Sept. 4, 2002
He could have joined a gym. He could have gone on a diet. But instead, when Sgt. Jeff Culter of the Herndon Police Department, a novice bicycle rider, decided he needed to get in better shape last April, he chose to sign up for a 250-mile trek from New York City to the Pentagon. Five months later, Culter is days away from commemorating the first anniversary of last September's terrorist attacks by hopping on a bike and riding more than 60 miles a day.
Of the 200 police officers, firefighters, military personnel, and health care workers participating in the event that concludes on Sept. 11, four will be representing the Herndon police department. Of those four, only one — Culter — is not one of the town's bicycle riding officers. A married father of three with 18 years on the force, Culter is looking forward to his four-day trip on two wheels. Unlike his more seasoned riders, Culter has one major goal. "My goal is to simply complete it."
<b>WHILE THE TRAINING</b> hasn't always been easy, there were several 100 degree days and many of his friends and some of his family, while supportive, thought he was crazy to try something like this. There message was simple. "What are you doing?" they asked.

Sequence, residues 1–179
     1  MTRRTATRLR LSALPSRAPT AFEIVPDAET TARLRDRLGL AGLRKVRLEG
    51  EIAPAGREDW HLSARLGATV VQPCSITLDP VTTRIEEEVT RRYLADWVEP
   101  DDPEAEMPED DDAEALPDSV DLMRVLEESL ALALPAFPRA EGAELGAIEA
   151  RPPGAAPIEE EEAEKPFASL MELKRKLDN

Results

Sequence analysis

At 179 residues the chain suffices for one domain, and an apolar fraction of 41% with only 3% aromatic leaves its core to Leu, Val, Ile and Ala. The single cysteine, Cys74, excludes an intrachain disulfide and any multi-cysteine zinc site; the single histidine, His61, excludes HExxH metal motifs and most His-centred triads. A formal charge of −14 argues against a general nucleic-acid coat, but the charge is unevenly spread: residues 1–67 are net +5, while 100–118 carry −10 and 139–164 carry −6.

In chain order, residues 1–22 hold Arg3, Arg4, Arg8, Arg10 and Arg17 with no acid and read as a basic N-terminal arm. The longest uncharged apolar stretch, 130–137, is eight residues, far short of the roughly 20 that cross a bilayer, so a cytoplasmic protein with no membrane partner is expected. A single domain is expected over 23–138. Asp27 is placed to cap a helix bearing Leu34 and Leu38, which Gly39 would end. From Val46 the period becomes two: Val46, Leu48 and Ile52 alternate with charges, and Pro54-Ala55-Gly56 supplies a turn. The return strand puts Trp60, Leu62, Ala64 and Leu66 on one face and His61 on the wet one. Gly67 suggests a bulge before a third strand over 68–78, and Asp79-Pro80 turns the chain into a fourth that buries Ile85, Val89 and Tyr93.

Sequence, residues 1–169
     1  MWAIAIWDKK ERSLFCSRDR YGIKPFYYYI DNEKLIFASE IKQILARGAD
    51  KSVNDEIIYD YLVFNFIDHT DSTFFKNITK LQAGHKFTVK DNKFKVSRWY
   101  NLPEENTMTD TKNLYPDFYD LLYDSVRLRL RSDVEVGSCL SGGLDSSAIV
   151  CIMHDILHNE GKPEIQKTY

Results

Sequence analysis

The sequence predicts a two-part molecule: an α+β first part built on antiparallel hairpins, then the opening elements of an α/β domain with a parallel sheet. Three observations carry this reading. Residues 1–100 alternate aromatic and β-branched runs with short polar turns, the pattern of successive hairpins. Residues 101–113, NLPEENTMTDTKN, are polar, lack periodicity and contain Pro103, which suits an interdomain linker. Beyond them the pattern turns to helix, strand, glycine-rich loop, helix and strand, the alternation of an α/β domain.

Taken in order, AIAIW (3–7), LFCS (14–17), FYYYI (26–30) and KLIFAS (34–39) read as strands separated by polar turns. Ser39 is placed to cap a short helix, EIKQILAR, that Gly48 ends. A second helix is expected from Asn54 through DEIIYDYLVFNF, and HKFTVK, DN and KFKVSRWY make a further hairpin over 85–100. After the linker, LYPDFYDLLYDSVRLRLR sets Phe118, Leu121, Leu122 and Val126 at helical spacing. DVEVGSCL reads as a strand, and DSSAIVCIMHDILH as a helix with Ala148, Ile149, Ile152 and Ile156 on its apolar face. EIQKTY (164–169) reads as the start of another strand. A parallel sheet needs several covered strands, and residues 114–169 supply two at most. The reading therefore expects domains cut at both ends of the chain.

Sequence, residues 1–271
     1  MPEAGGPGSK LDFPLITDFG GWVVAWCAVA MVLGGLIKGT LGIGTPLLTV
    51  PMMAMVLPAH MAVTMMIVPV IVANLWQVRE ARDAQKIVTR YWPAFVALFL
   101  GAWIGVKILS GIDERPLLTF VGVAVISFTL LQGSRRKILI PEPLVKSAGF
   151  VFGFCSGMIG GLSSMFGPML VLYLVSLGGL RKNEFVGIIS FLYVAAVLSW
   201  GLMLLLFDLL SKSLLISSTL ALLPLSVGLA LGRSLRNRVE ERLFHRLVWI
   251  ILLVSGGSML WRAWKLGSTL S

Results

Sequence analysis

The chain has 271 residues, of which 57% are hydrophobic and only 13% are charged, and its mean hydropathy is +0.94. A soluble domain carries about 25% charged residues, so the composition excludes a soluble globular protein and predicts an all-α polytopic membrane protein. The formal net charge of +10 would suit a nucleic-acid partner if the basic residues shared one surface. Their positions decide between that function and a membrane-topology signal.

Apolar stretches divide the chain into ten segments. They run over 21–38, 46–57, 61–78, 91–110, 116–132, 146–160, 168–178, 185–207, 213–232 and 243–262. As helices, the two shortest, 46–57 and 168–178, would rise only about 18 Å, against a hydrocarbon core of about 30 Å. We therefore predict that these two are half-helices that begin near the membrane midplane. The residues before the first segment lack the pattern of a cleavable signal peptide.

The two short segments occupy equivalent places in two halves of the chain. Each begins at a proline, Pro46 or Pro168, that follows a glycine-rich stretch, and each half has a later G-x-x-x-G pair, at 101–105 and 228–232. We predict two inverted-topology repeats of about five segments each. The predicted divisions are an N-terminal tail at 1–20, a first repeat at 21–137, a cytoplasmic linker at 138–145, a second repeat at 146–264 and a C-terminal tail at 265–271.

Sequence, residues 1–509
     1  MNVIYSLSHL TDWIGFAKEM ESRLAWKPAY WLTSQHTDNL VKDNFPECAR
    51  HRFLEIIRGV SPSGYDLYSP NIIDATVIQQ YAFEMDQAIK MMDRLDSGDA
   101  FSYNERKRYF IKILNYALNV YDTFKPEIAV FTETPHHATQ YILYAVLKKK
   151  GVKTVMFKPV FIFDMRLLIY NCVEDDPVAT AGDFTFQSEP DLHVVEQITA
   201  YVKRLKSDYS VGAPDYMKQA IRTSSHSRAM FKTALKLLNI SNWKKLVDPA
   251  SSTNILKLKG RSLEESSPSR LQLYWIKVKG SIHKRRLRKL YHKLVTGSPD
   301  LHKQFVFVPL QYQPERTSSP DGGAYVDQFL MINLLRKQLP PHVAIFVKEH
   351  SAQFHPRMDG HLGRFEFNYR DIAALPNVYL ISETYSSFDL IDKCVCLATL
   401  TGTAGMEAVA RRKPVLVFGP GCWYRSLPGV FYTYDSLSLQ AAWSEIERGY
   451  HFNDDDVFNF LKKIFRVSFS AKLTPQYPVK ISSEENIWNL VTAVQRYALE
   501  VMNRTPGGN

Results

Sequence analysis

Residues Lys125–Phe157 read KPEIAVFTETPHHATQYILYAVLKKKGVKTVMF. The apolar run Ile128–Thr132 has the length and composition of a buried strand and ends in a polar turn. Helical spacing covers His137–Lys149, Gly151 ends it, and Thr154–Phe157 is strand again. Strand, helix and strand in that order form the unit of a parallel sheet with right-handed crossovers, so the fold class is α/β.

And then there are those pesky 'saddle sores.' "That is what really scares me," Culter said. "My fear is sitting on that saddle for hours at a time. But because the reason behind it is good, I am expecting my adrenaline to take over during the rough spots."
Fairfax County police, along with Inova Health System, are hosting the 250-mile, four-day, memorial bike ride beginning on Sept. 8 at Battery Park in New York, just yards from Ground Zero. The tour will conclude three days later at the foot of the Pentagon. "The symbolic nature of this event was a very important factor in my participation," Culter said. "At the heart of it, we are all riding to remember the brothers and sisters we lost on Sept. 11."
<b>ON A SHORT TRAINING DAY</b>, the sergeant climbs on his bike, heads for the Washington and Old Dominion Trail and ventures west towards Loudoun County. Twenty miles later, he hops off his bike. On a "long day," he is liable to cover twice as many miles. And it's all in the name of charity. Proceeds from the entry fees will benefit the Inova Regional Trauma Center.
Inova is of special interest to the leader of the Herndon contingent, Sgt. Jerry Keys. Supervisor of the police bicycle team since 1997, Keys was treated at the trauma center in 1999 after suffering a severe head injury while on duty.
The "Ride to Remember" event will help provide the financial support needed each year to support the research, injury prevention and community outreach activities of the Inova Regional Trauma Center, Northern Virginia's only Level I trauma center.